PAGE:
In English, reading more challenging texts and classical text is a must. Beyond that, grammar and punctuation as well as understanding the rules of spelling will go a long way towards helping with comprehension and writing generally. Again, we have found that spelling rules not really taught after phonics
Read, read, read! Not just David Walliams and Jacqueline Wilson. Don’t get me wrong, they are brilliant books. Even as an adult I read them and enjoy them. I wish was able to write like that. This is about expanding vocabulary and understanding complex sentence structure and life beyond the child’s eyes; after all, that is what children are being tested on. You need to be looking to read books that have a good deal of being able to read between the lines. Look at books with more complex themes and are from different eras.
Mathematical reasoning; meaning being able to apply concepts in the given context is important as it can make up a substantial part of the 11 plus exam paper
If you did not do so in year 4, ensure that there is a structure in place for this learning journey. We have written a whole blog on the preparation that we believe should take place in year 5.
Here is an example of an Eleven Plus English question from the 2017 Essex Consortium exam:
Aim to write six or seven sentences, describe what super-power you would best like to have and why.
On the surface, this looks straightforward. To be able to write this successfully, a child should be able to write a mixture of long and short sentences using sophisticated punctuation and excellent vocabulary.
Here is an example of an Eleven Plus maths question, again from the 2017 Essex Consortium exam:
Which is bigger: 34 or 43
Calculate 34 –43
Here is an example of an Eleven Plus English question from the 2020 Sevenoaks School exam:
Write a story that features the stopping of time.
Of course, schools teach story writing, but children are taught fairly much the same format. In our experience and writing full stories with different genres are not practised nearly enough. This, therefore, makes this a challenging task in a different way to the question above.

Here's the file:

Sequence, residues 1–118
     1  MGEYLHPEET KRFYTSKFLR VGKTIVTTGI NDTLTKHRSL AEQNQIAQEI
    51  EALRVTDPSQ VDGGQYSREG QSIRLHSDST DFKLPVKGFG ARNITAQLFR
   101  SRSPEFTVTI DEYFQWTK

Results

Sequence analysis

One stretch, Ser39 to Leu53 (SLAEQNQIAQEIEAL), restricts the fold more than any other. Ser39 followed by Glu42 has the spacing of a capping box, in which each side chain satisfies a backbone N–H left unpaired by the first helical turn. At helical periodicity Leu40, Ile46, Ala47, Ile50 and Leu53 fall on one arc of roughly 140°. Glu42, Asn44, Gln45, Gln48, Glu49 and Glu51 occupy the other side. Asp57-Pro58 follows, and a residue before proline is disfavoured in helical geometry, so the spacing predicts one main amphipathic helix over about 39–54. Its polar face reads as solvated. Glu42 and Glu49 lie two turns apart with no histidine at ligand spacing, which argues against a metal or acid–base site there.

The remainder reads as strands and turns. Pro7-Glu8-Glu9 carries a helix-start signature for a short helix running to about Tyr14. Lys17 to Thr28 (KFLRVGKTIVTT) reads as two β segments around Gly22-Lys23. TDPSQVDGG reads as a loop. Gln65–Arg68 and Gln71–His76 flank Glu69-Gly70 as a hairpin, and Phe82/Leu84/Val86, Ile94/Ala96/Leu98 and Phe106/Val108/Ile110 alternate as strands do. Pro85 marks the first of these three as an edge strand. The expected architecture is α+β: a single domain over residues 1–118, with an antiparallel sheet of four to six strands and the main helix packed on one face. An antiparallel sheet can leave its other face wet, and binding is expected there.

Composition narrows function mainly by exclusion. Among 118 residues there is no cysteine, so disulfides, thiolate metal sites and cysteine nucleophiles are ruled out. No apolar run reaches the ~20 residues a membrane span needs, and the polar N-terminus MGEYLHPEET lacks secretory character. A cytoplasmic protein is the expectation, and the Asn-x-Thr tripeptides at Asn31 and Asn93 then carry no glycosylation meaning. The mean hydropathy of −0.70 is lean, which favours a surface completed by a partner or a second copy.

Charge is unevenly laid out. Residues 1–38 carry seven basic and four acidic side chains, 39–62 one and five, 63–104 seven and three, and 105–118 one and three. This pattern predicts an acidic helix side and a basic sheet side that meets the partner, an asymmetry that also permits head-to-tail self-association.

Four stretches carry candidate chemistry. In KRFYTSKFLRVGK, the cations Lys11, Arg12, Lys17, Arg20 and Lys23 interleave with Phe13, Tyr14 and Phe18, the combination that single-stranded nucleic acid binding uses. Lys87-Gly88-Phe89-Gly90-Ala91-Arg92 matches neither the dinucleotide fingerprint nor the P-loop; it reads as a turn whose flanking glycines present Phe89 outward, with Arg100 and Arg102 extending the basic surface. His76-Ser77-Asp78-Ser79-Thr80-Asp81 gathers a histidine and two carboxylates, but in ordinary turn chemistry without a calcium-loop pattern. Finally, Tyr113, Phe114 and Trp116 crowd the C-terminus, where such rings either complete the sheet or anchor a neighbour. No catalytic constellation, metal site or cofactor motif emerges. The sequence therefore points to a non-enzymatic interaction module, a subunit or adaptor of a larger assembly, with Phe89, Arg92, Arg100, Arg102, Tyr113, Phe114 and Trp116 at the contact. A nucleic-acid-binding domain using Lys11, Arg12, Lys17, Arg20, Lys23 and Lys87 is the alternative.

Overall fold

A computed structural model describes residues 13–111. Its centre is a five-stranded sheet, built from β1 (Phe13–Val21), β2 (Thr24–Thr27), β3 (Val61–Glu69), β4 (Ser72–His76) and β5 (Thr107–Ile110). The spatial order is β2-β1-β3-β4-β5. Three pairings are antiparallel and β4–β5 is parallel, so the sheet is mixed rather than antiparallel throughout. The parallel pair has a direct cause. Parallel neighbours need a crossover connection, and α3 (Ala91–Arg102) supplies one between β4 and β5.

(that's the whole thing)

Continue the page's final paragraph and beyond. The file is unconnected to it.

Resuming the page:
Here is an example of a past Eleven Plus maths question from the Latymer Upper School:
Imran notices that when he takes the digits of the number 652 and multiplies them together he gets 60.
a) How many three-digit numbers are there whose digits multiply to give 60? Write down all the ones you can find.
This question requires understanding and applying divisibility rules. Schools generally do not teach this until secondary school.
How can Redbridge Tuition help?
The 11 Plus Exam preparation is very emotive. For many parents, the stakes are high. For them, often it is a choice of grammar school or no school. This is often because the local secondary school may have a poor record of academic achievement compared to other state schools.
At Redbridge Tuition, we have experience of over 35 years collectively tutoring for the 11 Plus Exam. Our core team can give you expert guidance on the best way forward for your child. You can book a free consultation and we will be frank and honest with you once we understand what you require.
Conclusion: 11 Plus Preparation
In conclusion, 11 Plus preparation is a marathon and not a sprint. Be prepared to have at least 2 years of your life disrupted and be prepared to put in a lot of work. I mean the parent as well as the child. You need to be diligent and of course, organised about the work. You need to be persistent in what you do and how it is done. Most of all, you need to be calm and take baby steps. The best way to do that is to read, read and read. Start early on the journey in terms of general education beyond books. Of course, books and tests are vital. However, do not focus on scores from day 1, but rather try and enjoy the journey.
Treat it as time well spent with your child! 11 plus preparation can be fun (honest!).